• That’s a very good point Fred. Relationship is so much more than a social contract, and if it’s just that it’s inadequate. However, didn’t you begin your marriage by saying vows? Didn’t you make that decision and then freely ratify them in front of witnesses? You weren’t married until you did that, until you spoke those words. It wasn’t enough that you just felt it. It wasn’t enough that you asked her to marry you. You had to officially go through the ceremony and profess it. And perform the action of placing a ring on her finger. Again, that was the form of a sacrament and we’re not really talking about that but there is an analogy. Perhaps calling for this kind of commitment is just the beginning. It’s not the be all end all. There’s most definitely more involved in maintaining a relationship with Christ. There has to be. And, like a marriage you grow in your understanding of the commitment as time goes on and it has to deepen. However, could this be the way to mark the transition and start the relationship with more to follow?

      • Marriage and celibacy are vocations by which we come to know God. These are the adult paths we willingly cooperate in and take to grow in our faith. We discern, get guidance, and undertake them with vows–whether through marriage, ordination, religious life, or perpetual virginity–and from those vows come the graces to continue growing our faith with God through an appropriate community life (marriage, monastery, etc).

        What could a catechism teacher provide that would be more meaningful? Or what could he expect from his students that would be on par? We don’t need something on top of the sacraments and vows. We need to help our students prepare to discern and undertake these vocations so that they can take the vows. The priest shortage and number of annulments show that it is a real need to embrace the vows we have. There is no real need to make up more to give a false sense of having already arrived.

        A more appropriate analogy would be to say that a marriage does not come about when the secular engagement occurs. A kid saying he intends to follow Christ is not the same as an adult capably vowing it and committing himself to his vocation and the subsequent community life it brings. The two should not be confused, especially in our catechetical programs.

  4. I don’t ask my catechism class for commitment. Instead I show them my commitment. I also tell them bits and pieces of my faith journey over the years, especially when I first said to Jesus “Take me and use me as you will,” and meant it. I think saying “I have a relationship with Jesus” is as glib as saying, “I accepted Jesus Christ as my personal Lord and Savior,” or “The Eucharist is the source and summit of Christian life,” or “I have a relationship with my wife.” Most of the time when I hear people say such things, I think, “If you really understood what you’re saying you would not be using that tired old formula.”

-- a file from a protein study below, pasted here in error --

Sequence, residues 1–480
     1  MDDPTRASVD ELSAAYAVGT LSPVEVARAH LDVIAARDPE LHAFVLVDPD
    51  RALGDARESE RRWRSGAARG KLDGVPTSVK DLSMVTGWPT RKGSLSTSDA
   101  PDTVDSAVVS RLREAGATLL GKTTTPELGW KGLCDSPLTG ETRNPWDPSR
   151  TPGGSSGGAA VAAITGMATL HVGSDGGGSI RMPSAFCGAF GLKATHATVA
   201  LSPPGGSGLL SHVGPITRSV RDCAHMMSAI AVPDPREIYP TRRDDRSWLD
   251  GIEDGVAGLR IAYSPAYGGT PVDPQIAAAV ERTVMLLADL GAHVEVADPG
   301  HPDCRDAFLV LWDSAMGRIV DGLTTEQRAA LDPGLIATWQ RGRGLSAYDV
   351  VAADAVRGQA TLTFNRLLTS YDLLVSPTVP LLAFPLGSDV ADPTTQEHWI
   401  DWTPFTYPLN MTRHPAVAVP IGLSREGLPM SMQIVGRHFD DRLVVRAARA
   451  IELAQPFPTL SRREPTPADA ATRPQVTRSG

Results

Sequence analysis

• Well said, Christian. I didn’t think about how important the witness of your commitment would be in this. But that still leaves it up to them to make the decision to make the commitment themselves. Should be be more intentional about it? What led you verbalize that commitment? Did you do it on your own or was there some prompting…even indirect?

      • I was aware for let’s say 20 years, that while I was very plugged into trying to be what God wanted me to be, I was holding back in some way that I did not do with my wife and kids. That is, I was committed to my family without reservation, but re God I didn’t want him throwing bad stuff at me like I was some sort of pious saint that’d endure anything for God. Nuh-uh, podna. And I knew of that little prayer “Take me and use me as you will,” but would never say it because God only knows what he’d then think up that would be a real pain in the butt. At the same time I was chafing at the conditional nature of that relationship, waiting for the right time really take a leap of faith. Finally I accepted there would never be a right time, had a change of heart, and said it out loud one night. Felt nonplussed about it for a few weeks…did I really mean it, or was I just self-medicating with a nice piety? But over time I realized I”d made a real jump, and felt liberated, felt…expanded. More serene, serenity not being my bag at all. So now I can say that little prayer when I need to, and it’s great. Life is better and different being able to do so. Funny I still say it out loud; something about the physical involvement matters. But that’s a bit of what I tell the kids about commitment in general: commitment’s part of growing up and being an adult, you commit to a marriage, to parents, to kids, and to God, too.